08 December 2011 by Published in: General News 10 comments

As some of you may recall, in January of this year, I commenced an experiment. I purchased a black and white Nook with the intention of using it to download public domain regimental histories and the like from Google Books for use in my various projects. A little over a week later, and on the recommendation of Steve Stanley, I exchanged it for a Nook Color. I then began to experiment with it in the hope that I could make it work the way that I hoped to use it. The experiment proved to be terribly frustrating.

I gave up on the experiment today. No matter what we tried, we were unable to make the thing work with the books being downloaded from Google Books. The things work great with Nook format books, but I could not get it to be usable in any fashion for the Google Books downloads. The one piece of adaptability software we could find took something like five hours to convert a single book, so it was not practical at all for any sort of volume usage. Even after being converted with this software, pages were distorted, or I couldn’t get the whole page on the screen, and I finally grew frustrated and declared the experiment to be a dismal failure.

Instead, I took the plunge tonight and invested in an iPad2. I bought the black one with 64GB of hard drive space and the 3G wireless capacity. As a long-time Mac user, I know that the iPad will work well with PDF’s and that I will be able to use thing precisely as I had hoped to use the Nook Color. And so, the great experiment was a miserable failure, replaced with a much more expensive but far more useful item. I think I will be far less frustrated and far more productive with the iPad than I ever was with the Nook. I will probably end up giving the Nook to my nephew, who likes gadgets and gizmos, and I have just inherited Susan’s used Kindle when she bought the Kindle Touch for her reading pleasure.

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Comments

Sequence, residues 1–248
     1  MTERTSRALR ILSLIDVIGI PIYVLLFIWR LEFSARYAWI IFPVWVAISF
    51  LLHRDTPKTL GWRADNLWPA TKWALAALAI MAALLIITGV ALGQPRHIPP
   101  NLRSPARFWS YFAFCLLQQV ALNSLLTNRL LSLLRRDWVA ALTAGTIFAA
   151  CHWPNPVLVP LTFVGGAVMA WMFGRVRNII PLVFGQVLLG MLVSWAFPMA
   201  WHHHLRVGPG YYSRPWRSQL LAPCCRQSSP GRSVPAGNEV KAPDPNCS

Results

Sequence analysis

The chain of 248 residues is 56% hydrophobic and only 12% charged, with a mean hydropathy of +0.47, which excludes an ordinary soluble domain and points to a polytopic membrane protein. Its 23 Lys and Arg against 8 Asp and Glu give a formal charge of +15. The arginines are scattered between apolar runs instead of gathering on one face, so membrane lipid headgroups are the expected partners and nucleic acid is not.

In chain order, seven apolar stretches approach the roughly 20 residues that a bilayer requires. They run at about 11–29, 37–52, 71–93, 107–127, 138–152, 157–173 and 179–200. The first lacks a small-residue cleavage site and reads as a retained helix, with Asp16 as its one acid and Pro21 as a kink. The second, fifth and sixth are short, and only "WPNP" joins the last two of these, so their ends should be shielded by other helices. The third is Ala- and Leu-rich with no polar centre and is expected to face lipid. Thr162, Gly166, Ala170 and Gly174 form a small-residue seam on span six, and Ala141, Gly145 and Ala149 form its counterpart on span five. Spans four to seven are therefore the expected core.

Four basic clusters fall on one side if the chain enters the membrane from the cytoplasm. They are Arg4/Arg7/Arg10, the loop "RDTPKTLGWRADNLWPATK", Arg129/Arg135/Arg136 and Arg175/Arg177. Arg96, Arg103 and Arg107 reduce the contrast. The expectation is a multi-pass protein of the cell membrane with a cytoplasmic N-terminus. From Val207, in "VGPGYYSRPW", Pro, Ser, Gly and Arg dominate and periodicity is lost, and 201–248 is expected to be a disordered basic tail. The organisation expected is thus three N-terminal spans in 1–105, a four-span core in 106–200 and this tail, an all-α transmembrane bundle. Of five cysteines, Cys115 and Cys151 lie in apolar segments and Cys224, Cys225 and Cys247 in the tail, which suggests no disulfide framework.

1. Thu 08th Dec 2011 at 9:28 pm

    I found that the Nook works fine w/ native PDF documents, but not well w/ scanned docs. Using the PDF apps it gives acceptable performance (IMO). I have not found the conversion to be as slow as you describe.

  2. Thu 08th Dec 2011 at 10:09 pm

    I love my iPad2. I highly recommend the GoodReader app. It is superb for reading, highlighting, and notating PDFs.

  3. Thu 08th Dec 2011 at 10:13 pm

    Thanks for the recommendation, Scott. I will download that app!

  4. Steven Stanley
    Fri 09th Dec 2011 at 12:39 am

    Eric,

    Sorry the Nook Color did not work out for you. Mine works perfect for me, but I also have the iPad2 as well. Good luck with your iPad.

    Steve

  5. Fri 09th Dec 2011 at 9:38 am

    Eric,

    You will like your iPad 2. I have one and it has proven very valuable for many different functions.

    Mike

  6. Tom Clemens
    Fri 09th Dec 2011 at 10:46 pm

    Angela is delighted with her ipad2, says you will love it.

  7. Bob Smart
    Mon 12th Dec 2011 at 6:55 pm

    I started a similar experiment last spring. My golden target was the U.S. Army ‘Green Books’ (WWII) which are available in PDF at history.army.mil. I purchased a Nook. I have also downloaded many older books from gutenberg.org such as Grants memoirs, Henderson’ Stonewall Jackson, etc. It has worked great on teh epub books from Gutenberg. It was pretty unsuccessful on the Green Books. Turns out the two column PDF format they use is tough to translate into EPUB. I just received an Android tablet on long term loan from my son. It is handling the Green Books well. It was much cheaper than an IPAD but I have not ruled out trying that as well

  8. Bill Barkley
    Sun 18th Dec 2011 at 5:06 pm

    U should have learned by now that “once U go Mac, U NEVER go back! Good luck with the iPad 2.

  9. Sun 18th Dec 2011 at 5:16 pm

    You’re right, Bill, particularly since I am a long-time Mac user….

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